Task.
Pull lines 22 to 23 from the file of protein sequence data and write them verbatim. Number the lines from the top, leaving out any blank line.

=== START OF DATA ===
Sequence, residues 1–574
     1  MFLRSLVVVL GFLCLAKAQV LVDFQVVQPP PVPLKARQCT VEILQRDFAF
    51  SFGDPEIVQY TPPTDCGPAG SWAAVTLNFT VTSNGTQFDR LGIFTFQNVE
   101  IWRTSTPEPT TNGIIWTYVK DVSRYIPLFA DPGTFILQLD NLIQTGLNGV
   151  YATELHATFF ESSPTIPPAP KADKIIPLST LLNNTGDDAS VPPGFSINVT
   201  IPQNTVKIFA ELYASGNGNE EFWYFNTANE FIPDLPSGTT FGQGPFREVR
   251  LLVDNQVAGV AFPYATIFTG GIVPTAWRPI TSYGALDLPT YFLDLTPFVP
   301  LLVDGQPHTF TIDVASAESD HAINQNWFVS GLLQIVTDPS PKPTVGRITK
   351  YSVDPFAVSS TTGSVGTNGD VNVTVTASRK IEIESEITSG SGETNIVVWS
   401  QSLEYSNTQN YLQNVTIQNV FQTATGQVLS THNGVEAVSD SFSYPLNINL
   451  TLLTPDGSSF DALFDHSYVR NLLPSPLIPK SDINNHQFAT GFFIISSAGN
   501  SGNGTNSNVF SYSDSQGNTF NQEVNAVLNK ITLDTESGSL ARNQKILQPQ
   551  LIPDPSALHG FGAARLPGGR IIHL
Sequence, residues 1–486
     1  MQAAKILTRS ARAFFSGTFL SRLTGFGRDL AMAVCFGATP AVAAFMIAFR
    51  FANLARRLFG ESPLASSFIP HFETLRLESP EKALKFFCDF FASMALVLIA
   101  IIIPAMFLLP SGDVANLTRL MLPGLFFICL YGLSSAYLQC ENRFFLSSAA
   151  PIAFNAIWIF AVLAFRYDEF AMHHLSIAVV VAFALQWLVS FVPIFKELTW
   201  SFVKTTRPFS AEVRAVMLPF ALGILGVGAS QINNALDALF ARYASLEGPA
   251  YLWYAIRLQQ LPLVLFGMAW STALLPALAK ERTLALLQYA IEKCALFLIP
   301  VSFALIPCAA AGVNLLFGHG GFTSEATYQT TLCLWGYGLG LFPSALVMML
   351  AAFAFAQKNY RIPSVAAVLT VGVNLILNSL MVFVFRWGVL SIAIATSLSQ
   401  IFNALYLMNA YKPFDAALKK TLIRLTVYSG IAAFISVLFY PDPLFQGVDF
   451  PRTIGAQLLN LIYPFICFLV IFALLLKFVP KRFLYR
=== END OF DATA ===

   351  AAFAFAQKNY RIPSVAAVLT VGVNLILNSL MVFVFRWGVL SIAIATSLSQ
   401  IFNALYLMNA YKPFDAALKK TLIRLTVYSG IAAFISVLFY PDPLFQGVDF